Phentermine And Pregnancy: Safety Profile And Possible Side Effects

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Women put on weight during pregnancy, and that is normal. However, some women may become conscious of their new curves and try to reduce weight using medications like phentermine. Is it safe to use this drug during pregnancy? Read on as MomJunction tells you about using phentermine during pregnancy.

What Is Phentermine?

Phentermine (Supreza) is a short-term medication prescribed to help lose weight in overweight women. It is recommended in adjunction with an exercise regimen, and diet modification, to those with a body mass index (BMI) greater or equal to 30kg/m2 (1). It is available under the brand names Adipex, Fastin, Ionamin, Zantryl.

This drug belongs to the class “anorectics,” which helps in weight reduction by suppressing the appetite, although actions on the central nervous system and metabolism may also be involved.

Is It Safe To Take Phentermine During Pregnancy?

No. The US Food and Drug Administration classified phentermine (Supreza) as “Pregnancy Category X” drug (1), which means that studies in animals or humans have proved to have adverse effects on the developing fetus, and the risks of taking this medicine outweigh the potential benefits.

Phentermine is not recommended during pregnancy because the weight loss has no potential benefit during pregnancy, and this medication might also harm the fetus.

Does Taking Phentermine During Pregnancy Cause Any Birth Defects?

Very few human studies were conducted to determine whether phentermine is responsible for any birth defects when used during pregnancy.

A study on pregnant women in the Czech Republic, which focused on the effects of appetite suppressants like sibutramine and phentermine, found that there were no differences in pregnancy outcomes between the women who took the drugs and those who did not (2).

Another controlled cohort study, where 98 pregnant women who took medication were compared to 233 women who did not, found that (3)

  • There were no significant differences between the groups in spontaneous pregnancy loss or premature delivery.
  • Birth weight and head circumference of the newborn were significantly increased in the exposed group.
  • The rate of gestational diabetes was high in women who took phentermine.

A drug review on Qsymia (pregnancy category X drug) – a weight management drug which is a combination of phentermine and topiramate – says that topiramate is said to cause cleft palate in babies (4).

Side Effects Of Phentermine

Along with the birth defects, phentermine may also have the following side effects (5).

  • Mood swings
  • Altered thought processes
  • Suicidal ideas and behaviors
  • Dizziness
  • Drowsiness
  • Impaired cognition
  • Dry mouth
  • Unusual thirst
  • Diarrhea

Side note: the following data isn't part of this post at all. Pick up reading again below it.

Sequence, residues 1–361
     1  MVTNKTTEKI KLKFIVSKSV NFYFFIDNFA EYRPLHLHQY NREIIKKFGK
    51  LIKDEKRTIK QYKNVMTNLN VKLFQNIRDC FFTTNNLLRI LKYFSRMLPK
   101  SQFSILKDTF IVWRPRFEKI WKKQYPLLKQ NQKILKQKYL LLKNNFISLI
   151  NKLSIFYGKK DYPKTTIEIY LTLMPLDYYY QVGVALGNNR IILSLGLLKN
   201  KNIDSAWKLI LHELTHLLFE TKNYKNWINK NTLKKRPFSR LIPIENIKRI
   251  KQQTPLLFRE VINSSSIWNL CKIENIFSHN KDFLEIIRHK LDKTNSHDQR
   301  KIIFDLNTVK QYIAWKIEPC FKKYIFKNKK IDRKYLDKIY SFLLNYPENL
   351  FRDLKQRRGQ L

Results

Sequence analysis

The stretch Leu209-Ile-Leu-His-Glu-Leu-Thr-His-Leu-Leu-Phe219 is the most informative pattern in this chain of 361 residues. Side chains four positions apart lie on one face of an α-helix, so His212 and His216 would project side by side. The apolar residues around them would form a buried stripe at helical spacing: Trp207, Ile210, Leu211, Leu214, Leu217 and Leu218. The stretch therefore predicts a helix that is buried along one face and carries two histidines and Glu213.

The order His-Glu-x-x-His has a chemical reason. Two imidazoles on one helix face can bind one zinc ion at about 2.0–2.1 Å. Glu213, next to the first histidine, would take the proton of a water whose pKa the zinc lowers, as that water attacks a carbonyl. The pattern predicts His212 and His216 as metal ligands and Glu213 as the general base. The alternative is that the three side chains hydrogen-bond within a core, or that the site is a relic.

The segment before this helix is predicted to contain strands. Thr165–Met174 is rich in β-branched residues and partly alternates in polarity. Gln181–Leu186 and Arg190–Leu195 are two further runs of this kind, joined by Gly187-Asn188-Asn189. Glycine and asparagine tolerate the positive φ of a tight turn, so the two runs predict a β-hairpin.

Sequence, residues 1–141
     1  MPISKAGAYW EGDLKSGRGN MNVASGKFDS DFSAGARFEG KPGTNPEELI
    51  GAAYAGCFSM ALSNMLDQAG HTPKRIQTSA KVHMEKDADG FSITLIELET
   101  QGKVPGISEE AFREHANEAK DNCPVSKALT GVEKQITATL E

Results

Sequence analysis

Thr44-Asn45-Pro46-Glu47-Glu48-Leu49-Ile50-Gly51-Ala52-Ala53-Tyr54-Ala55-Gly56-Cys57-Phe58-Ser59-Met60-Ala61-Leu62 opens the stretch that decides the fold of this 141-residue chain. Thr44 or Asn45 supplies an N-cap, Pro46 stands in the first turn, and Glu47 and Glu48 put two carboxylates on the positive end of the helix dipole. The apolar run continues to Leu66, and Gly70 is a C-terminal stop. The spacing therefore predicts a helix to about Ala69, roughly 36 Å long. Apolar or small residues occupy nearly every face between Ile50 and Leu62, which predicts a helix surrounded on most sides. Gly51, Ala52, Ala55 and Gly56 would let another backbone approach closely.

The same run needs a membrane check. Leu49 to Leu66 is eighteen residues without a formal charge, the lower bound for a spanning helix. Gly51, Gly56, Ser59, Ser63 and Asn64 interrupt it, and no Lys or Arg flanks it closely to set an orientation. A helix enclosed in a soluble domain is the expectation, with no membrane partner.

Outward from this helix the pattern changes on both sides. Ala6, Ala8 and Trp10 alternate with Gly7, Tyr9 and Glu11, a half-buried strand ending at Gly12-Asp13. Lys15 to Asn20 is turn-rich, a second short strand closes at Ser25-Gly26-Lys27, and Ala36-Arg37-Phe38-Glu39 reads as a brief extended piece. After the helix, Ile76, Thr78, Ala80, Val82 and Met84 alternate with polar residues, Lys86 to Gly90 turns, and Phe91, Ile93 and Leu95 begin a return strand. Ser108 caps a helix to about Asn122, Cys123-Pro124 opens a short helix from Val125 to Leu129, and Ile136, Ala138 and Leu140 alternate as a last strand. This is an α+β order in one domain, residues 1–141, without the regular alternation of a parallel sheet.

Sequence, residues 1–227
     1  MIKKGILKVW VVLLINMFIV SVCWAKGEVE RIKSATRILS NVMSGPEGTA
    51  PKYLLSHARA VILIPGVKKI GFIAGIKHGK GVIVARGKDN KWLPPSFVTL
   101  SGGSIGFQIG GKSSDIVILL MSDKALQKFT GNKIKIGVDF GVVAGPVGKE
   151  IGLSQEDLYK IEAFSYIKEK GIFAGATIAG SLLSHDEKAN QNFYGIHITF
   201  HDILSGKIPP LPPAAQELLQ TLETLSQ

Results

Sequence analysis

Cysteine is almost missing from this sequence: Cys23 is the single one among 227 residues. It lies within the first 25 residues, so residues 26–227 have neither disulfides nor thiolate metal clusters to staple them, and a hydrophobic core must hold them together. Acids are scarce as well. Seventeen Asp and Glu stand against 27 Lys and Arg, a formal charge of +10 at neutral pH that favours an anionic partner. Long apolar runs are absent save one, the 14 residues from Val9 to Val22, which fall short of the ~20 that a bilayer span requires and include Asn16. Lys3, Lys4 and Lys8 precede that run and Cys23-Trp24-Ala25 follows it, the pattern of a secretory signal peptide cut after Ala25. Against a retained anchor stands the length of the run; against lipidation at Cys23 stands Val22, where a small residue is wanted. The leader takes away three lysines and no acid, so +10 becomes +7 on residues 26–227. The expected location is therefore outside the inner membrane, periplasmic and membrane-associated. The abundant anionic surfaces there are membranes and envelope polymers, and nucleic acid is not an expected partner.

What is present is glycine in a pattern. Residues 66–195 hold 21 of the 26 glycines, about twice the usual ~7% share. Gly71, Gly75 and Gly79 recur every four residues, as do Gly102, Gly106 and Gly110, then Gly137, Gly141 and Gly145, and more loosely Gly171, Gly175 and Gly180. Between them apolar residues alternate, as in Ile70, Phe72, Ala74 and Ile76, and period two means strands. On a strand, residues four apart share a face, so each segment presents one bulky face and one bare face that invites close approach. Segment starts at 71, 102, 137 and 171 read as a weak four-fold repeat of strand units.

• Constipation
  • Painful menstrual periods
  • Heartburn
  • Hair loss
  • Suppresses appetite

Does Phentermine Cause Withdrawal Symptoms?

A clinical intervention trial, including patients on long-term phentermine use, stated that “phentermine treatment does not induce drug cravings. Also, amphetamine-like withdrawal does not occur upon abrupt treatment cessation at higher doses (6).”

However, there were reports that people who took more than the prescribed dosage experienced extreme fatigue and mental depression, and changes in sleep patterns (1).

So, if you are on phentermine and found out that you are pregnant, then consult your doctor and take advice on how to stop using this drug.

How Soon Can You Take Phentermine After Having A Baby?

There aren’t enough studies to determine if phentermine passes into the breast milk, so you need to consult your doctor to determine when it is safe to take phentermine after having a baby.

Gaining weight during pregnancy is normal. So do not panic if you’ve gained a few extra pounds. Follow a nutritious diet and exercise regularly to have a healthy and happy pregnancy. If you still want to take any medication for losing weight during pregnancy, talk to your doctor to avoid any adverse outcomes.

How did you manage your weight during pregnancy? Let us know in the comments section below.

This post is for informational purposes only and is not a replacement for a doctor’s consultation. Do not use any medication without talking to your doctor.


MomJunction's health articles are written after analyzing various scientific reports and assertions from expert authors and institutions. Our references (citations) consist of resources established by authorities in their respective fields. You can learn more about the authenticity of the information we present in our editorial policy.
1. Prescribing Information- Suprenza; The US Food and Drug Administration
2. Manakova E, Kralova T, Hubičková Heringová L; Appetite Suppressants During Pregnancy; NCBI (2012)
3. Jones KL, Johnson KA, Dick LM, Felix RJ, Kao KK, Chambers CD; Pregnancy outcomes after first trimester exposure to phentermine/fenfluramine; NCBI (2002)
4. John D. Gazewood; Kathleen Barry; Phentermine/Topiramate (Qsymia) for Chronic Weight Management; The American Association Of Family Physicians
5. Phentermine and Topiramate; Medline Plus; US National Library of Medicine
6. Hendricks EJ; Addiction potential of phentermine prescribed during long-term treatment of obesity; NCBI (2014)

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